Kienböck disease is avascular necrosis of the lunate bone.
Kienböck disease occurs most commonly in the dominant hand of men aged 20 to 45, usually in workers doing heavy manual labor. Overall, Kienböck disease is relatively rare. Its cause is unknown. The lunate can eventually collapse and cause fixed rotation of the scaphoid and subsequent degeneration of the carpal joints.
Symptoms and Signs
Symptoms generally start with insidious onset of wrist pain, localized to the region of the lunate carpal bone; patients have no recollection of trauma. Kienböck disease is bilateral in 10% of cases. There is localized tenderness in the lunate bone, most commonly over the dorsal wrist.
MRI and CT are the most sensitive; plain x-rays show abnormalities later, usually beginning with a sclerotic lunate, then later cystic changes, fragmentation, and collapse.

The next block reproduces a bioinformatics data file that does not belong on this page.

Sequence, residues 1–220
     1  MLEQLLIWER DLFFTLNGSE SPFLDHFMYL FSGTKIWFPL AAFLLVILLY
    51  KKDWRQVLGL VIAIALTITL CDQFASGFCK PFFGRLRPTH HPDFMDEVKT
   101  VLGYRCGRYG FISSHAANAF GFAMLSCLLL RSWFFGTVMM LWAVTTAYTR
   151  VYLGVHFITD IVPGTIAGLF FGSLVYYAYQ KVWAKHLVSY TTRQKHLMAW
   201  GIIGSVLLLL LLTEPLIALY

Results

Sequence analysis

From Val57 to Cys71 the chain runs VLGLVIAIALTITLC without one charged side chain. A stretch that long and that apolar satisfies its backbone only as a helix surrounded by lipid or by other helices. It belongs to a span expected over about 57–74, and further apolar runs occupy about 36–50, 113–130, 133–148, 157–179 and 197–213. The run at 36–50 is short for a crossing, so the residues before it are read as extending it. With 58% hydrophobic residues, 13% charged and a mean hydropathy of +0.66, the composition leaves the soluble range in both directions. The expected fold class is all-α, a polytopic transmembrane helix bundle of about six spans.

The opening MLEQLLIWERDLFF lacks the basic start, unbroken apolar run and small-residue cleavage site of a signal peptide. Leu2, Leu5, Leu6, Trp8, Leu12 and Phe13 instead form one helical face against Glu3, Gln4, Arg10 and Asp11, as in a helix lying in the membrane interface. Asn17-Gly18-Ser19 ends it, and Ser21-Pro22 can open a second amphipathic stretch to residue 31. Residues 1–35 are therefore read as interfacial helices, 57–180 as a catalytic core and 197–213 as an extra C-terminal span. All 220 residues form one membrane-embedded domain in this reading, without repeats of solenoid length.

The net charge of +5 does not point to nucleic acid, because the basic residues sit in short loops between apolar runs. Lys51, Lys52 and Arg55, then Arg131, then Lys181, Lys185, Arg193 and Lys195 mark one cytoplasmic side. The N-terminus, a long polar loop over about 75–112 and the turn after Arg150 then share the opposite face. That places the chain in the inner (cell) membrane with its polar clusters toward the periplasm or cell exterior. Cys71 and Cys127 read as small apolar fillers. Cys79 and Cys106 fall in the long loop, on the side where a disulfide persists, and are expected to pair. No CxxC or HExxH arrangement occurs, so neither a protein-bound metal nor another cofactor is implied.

Treatment is aimed at relieving pressure on the lunate by surgically shortening the radius or lengthening the ulna. Alternative treatments attempt to revascularize the lunate (eg, implanting a blood vessel or bone graft on a vascular pedicle). Salvage procedures (eg, proximal row carpectomy or intercarpal fusions) may help preserve some wrist function if the carpal joints have degenerated. Total wrist arthrodesis can be done as a last resort to relieve pain. Nonsurgical treatments are not effective.
Last full review/revision March 2013 by David R. Steinberg, MD
Content last modified September 2013